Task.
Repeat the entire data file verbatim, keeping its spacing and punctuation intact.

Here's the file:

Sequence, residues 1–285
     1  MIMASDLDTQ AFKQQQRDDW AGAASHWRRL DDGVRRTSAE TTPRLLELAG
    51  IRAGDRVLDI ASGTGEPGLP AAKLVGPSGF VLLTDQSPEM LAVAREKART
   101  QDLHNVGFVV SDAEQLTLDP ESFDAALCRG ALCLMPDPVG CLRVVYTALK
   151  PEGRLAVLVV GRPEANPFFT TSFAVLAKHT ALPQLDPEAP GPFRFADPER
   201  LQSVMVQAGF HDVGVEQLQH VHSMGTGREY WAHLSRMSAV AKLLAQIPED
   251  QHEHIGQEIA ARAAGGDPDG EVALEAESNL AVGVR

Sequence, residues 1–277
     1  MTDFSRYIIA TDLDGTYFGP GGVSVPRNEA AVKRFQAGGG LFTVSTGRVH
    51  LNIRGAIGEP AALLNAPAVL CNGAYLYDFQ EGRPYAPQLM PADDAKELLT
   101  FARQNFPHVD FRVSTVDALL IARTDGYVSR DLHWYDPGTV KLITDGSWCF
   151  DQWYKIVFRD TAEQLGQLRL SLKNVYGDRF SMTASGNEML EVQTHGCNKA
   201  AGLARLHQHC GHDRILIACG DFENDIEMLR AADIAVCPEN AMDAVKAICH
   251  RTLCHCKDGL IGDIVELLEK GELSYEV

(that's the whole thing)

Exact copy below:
Sequence, residues 1–285
     1  MIMASDLDTQ AFKQQQRDDW AGAASHWRRL DDGVRRTSAE TTPRLLELAG
    51  IRAGDRVLDI ASGTGEPGLP AAKLVGPSGF VLLTDQSPEM LAVAREKART
   101  QDLHNVGFVV SDAEQLTLDP ESFDAALCRG ALCLMPDPVG CLRVVYTALK
   151  PEGRLAVLVV GRPEANPFFT TSFAVLAKHT ALPQLDPEAP GPFRFADPER
   201  LQSVMVQAGF HDVGVEQLQH VHSMGTGREY WAHLSRMSAV AKLLAQIPED
   251  QHEHIGQEIA ARAAGGDPDG EVALEAESNL AVGVR

Sequence, residues 1–277
     1  MTDFSRYIIA TDLDGTYFGP GGVSVPRNEA AVKRFQAGGG LFTVSTGRVH
    51  LNIRGAIGEP AALLNAPAVL CNGAYLYDFQ EGRPYAPQLM PADDAKELLT
   101  FARQNFPHVD FRVSTVDALL IARTDGYVSR DLHWYDPGTV KLITDGSWCF
   151  DQWYKIVFRD TAEQLGQLRL SLKNVYGDRF SMTASGNEML EVQTHGCNKA
   201  AGLARLHQHC GHDRILIACG DFENDIEMLR AADIAVCPEN AMDAVKAICH
   251  RTLCHCKDGL IGDIVELLEK GELSYEV